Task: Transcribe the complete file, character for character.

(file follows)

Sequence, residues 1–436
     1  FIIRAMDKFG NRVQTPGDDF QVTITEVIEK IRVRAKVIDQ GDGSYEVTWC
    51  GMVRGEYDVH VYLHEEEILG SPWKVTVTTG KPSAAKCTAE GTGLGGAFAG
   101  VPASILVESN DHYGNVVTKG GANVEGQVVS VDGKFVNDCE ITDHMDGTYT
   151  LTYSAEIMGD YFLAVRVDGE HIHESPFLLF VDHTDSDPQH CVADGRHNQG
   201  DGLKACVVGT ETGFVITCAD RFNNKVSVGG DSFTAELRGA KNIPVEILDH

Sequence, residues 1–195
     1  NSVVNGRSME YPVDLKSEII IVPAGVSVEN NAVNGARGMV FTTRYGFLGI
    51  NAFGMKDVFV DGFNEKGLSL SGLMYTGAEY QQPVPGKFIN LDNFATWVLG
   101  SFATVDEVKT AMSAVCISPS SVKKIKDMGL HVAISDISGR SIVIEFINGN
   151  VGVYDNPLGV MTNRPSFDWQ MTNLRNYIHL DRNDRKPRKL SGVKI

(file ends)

Sequence, residues 1–436
     1  FIIRAMDKFG NRVQTPGDDF QVTITEVIEK IRVRAKVIDQ GDGSYEVTWC
    51  GMVRGEYDVH VYLHEEEILG SPWKVTVTTG KPSAAKCTAE GTGLGGAFAG
   101  VPASILVESN DHYGNVVTKG GANVEGQVVS VDGKFVNDCE ITDHMDGTYT
   151  LTYSAEIMGD YFLAVRVDGE HIHESPFLLF VDHTDSDPQH CVADGRHNQG
   201  DGLKACVVGT ETGFVITCAD RFNNKVSVGG DSFTAELRGA KNIPVEILDH

Sequence, residues 1–195
     1  NSVVNGRSME YPVDLKSEII IVPAGVSVEN NAVNGARGMV FTTRYGFLGI
    51  NAFGMKDVFV DGFNEKGLSL SGLMYTGAEY QQPVPGKFIN LDNFATWVLG
   101  SFATVDEVKT AMSAVCISPS SVKKIKDMGL HVAISDISGR SIVIEFINGN
   151  VGVYDNPLGV MTNRPSFDWQ MTNLRNYIHL DRNDRKPRKL SGVKI